A former head of the App Store’s approvals process has shed some light on the sometimes opaque review process of new apps.
In an interview, Phillip Shoemaker revealed how the system evolved over his time running the process, from 2009 through 2016.
According to Shoemaker, in the early days of the App Store three reviewers looked at each app. However, this resulted in long approval wait times. As a result, it was whittled down to one reviewer.
Nonetheless, Phil Schiller, Apple’s SVP of Marketing, pushed for humans to be involved with the review process — rather than handing it over to bots.
The most interesting aspect of Shoemaker’s comments regard apps which compete with Apple’s services. This is something that has become more highly publicized as an issue. Some have even suggested it represents monopolistic behavior, since Apple has the power to block apps which replicate its own functionality.
“That was a real thing,” he said, referring to apple not approving the Google Voice calling service in the iPhone’s early days. “I mean the fear that somebody would come along, a Facebook, a Google, whomever and wipe off and remove all of our items. Once they started using these other apps, they’d be thinking more about Google now.”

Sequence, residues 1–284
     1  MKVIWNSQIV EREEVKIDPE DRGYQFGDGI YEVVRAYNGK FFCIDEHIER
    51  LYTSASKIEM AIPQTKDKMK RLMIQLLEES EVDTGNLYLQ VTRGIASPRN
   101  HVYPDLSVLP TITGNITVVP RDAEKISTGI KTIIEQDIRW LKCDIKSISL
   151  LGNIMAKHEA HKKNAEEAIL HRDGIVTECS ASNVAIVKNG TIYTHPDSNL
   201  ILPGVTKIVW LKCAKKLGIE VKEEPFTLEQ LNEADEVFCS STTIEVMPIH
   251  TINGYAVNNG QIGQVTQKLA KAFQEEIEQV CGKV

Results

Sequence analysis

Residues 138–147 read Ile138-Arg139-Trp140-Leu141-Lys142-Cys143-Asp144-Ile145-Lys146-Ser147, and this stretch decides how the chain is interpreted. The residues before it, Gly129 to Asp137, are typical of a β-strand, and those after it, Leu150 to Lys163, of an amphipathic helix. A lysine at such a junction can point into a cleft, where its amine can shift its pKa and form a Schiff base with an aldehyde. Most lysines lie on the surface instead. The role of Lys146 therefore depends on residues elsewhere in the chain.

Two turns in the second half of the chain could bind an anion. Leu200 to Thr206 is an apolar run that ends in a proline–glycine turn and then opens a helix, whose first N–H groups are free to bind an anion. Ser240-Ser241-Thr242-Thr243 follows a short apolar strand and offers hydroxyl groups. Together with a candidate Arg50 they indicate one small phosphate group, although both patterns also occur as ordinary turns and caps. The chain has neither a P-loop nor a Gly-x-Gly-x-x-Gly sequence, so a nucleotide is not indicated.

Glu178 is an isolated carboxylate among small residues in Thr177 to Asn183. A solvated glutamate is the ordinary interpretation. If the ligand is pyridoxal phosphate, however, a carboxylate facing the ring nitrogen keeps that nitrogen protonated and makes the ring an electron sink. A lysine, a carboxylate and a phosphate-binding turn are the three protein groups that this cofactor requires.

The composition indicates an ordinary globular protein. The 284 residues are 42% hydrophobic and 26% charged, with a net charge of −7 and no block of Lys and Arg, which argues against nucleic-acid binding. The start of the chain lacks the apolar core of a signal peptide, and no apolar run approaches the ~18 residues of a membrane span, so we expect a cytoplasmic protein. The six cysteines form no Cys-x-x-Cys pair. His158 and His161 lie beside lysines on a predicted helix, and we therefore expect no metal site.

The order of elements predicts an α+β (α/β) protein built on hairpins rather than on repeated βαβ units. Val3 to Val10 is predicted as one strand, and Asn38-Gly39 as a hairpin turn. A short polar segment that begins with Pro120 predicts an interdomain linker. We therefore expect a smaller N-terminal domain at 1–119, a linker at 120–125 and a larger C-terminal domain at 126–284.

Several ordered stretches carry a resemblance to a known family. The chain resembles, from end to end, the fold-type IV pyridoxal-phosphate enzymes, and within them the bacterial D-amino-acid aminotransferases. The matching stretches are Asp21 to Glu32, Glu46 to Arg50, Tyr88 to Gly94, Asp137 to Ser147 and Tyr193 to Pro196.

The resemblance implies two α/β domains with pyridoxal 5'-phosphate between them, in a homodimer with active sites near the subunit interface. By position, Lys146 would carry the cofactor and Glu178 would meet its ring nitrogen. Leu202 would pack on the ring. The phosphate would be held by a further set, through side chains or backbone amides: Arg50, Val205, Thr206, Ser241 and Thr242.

Today, Shoemaker said, “there is now a conflict as Apple goes into these spaces that are ripe with competition. I’m really worried about the competition.”
A blessing and a curse
Right from the start, Apple’s curated approach to the App Store has been both a blessing and a curse.
It’s been a blessing for the majority of users because it means that you can trust that apps downloaded from the App Store are trustworthy. (Well, when everything works correctly that is!). These apps are also high quality and, frequently, family friendly. However, it’s also been a curse due to the sometimes subjective way that apps can be approved or rejected. That’s despite the presence of App Store Review Guidelines.
Shoemaker says that he took this responsibility seriously. “You are what’s stopping an app from getting on the store and potentially making money for this developer to put food on the table and send their kids to school,” he said. “It broke my heart every time I had to make those calls.”
This article was originally posted here